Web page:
Diatech Inc., a developer of peptide-based imaging andtherapeutic products for cardiovascular diseases, was toannounce today that it has raised $5.2 million in a first roundof venture financing.

Lead investors are Burr, Egan, Deleage & Co., Medical SciencePartners L.P. and the Sprout Group.

Diatech, which was formed in March 1990, raised $2 million ina seed round with Burr, Egan and Medical Science Partners.

The New Londonderry, N.H., company will use part of the fundsto move its lead compound, SP-4 for imaging atheroscleroticplaque, into Phase I trials this year.

SP-4 is a peptide that corresponds to a sequence on the low-density lipoprotein (LDL) molecule that binds to atheroscleroticplaque, said Richard Dean, president and chief executive. LDLcarries cholesterol and deposits it on the artery wall, leading toplaque buildup.

The peptide is tagged with technetium-99m. Diatechexclusively licensed the technology from New EnglandDeaconess Hospital in Boston, which has filed for four patents.The peptide was discovered by Dr. Robert Lees, director of thehospital's arteriosclerosis center. He is chairman of Diatech'sscientific advisory board and a co-founder and director of thecompany.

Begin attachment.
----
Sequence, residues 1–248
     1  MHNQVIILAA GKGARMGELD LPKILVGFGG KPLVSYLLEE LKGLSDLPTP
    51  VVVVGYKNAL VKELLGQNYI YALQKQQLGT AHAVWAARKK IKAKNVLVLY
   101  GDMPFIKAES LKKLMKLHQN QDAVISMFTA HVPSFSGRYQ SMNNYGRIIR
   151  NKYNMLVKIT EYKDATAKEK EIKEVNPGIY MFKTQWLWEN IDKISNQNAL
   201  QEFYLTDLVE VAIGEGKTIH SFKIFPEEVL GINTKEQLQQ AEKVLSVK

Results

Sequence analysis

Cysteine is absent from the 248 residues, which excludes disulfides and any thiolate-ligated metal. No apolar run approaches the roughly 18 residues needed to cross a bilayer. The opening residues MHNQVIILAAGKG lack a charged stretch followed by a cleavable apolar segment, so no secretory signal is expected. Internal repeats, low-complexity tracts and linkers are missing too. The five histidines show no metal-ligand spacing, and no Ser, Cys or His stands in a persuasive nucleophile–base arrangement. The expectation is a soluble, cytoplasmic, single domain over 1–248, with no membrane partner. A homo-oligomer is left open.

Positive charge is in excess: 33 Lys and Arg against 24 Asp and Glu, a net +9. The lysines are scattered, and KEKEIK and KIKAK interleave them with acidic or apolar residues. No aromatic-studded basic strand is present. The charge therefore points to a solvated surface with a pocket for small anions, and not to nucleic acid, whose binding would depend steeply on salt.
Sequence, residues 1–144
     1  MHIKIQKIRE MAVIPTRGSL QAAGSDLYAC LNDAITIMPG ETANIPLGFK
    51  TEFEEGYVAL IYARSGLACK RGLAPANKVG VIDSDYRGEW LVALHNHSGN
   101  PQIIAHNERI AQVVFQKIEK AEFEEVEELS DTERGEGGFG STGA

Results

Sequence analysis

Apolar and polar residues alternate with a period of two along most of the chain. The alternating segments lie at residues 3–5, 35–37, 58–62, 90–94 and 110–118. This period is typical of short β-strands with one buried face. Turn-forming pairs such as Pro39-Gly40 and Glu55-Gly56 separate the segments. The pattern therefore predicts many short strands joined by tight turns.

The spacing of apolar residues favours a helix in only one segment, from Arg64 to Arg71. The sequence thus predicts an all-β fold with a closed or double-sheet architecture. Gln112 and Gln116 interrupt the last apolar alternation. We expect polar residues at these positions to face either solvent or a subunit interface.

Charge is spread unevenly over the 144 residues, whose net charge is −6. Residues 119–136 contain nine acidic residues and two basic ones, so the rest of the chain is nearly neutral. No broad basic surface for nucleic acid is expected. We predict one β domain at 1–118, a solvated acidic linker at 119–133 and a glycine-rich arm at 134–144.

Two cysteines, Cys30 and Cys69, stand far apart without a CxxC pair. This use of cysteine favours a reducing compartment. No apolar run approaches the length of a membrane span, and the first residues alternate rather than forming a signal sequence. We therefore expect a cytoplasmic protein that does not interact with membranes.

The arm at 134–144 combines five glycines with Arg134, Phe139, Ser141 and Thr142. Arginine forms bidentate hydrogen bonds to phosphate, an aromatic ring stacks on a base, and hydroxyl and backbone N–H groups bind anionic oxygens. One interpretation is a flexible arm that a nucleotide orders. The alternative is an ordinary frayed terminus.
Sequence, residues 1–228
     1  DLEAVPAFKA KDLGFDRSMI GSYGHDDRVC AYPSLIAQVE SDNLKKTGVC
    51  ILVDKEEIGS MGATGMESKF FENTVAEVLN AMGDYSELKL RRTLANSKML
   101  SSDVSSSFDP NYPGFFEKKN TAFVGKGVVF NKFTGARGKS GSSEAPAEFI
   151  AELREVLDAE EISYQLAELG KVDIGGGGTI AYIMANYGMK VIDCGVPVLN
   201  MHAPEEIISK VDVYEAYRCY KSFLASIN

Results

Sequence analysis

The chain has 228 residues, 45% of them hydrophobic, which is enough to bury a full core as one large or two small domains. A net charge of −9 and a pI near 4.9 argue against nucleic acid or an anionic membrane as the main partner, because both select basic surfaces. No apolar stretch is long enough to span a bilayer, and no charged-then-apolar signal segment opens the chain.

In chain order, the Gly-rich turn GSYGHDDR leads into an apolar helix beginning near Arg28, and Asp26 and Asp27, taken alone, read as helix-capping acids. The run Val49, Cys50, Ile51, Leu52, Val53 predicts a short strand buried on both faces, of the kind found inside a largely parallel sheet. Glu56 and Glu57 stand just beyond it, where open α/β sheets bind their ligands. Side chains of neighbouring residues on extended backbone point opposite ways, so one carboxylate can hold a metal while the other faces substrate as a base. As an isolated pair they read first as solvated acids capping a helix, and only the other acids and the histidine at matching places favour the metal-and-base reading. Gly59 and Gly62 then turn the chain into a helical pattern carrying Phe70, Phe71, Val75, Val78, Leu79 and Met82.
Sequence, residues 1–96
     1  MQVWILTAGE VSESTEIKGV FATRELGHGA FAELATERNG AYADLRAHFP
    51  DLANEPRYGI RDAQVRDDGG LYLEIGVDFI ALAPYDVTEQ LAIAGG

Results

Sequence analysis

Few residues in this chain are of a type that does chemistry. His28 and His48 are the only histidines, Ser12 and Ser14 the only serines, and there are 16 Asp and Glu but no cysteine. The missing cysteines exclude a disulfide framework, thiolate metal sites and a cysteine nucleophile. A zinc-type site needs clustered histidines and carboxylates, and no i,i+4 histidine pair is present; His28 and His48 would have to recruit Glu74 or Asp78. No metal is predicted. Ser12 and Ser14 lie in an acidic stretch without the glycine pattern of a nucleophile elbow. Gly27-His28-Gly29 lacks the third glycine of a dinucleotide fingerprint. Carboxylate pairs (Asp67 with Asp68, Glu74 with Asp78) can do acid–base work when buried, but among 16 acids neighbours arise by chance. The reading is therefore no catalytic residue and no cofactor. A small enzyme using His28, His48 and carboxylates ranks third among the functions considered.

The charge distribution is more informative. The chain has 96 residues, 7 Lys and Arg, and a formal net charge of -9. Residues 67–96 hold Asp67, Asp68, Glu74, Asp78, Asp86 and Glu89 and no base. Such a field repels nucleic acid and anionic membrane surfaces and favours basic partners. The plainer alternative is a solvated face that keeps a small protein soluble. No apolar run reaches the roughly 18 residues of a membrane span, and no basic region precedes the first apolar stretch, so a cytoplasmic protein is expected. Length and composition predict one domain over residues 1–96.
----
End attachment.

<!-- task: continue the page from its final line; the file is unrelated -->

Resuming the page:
Competition for an atherosclerotic plaque imaging productcomes from Centocor Inc.'s Capiscint, a monoclonal antibody-based product that is in early trials.

Dean left Centocor, where he was director ofradiopharmaceutical research and development, to formDiatech in 1990. The company's chief scientist, John Lister-James, also came from Centocor. He is an expert in technetium-99m chemistry.

"We originally thought MAbs were the best way to do imaging,"said Dean. But MAbs have a some drawbacks, he said. One isthe FDA's concerns about immune response. MAbs also arelarger than peptides and take longer to clear from the blood, soit takes longer to derive images using MAbs.

Peptides also may get faster regulatory review, Dean said,because they are synthetic molecules that could be examinedby the FDA's drug division, which has moved faster to approvedrugs than the biologics division.

SP-4 also has therapeutic potential for treating atherosclerosis,said Dean. By sticking to plaque, it prevents continued depositsof cholesterol by LDL. "If you flood the system with SP-4, itshould block the interaction of LDL with plaque and give theplaque time to develop a fibrous cap and become less fragile,"he said. Such plaque is less likely to break off and block avessel.

Diatech is researching peptide-based imaging products forthrombosis, infection and cancer.

-- Karen Bernstein BioWorld Staff

(c) 1997 American Health Consultants. All rights reserved.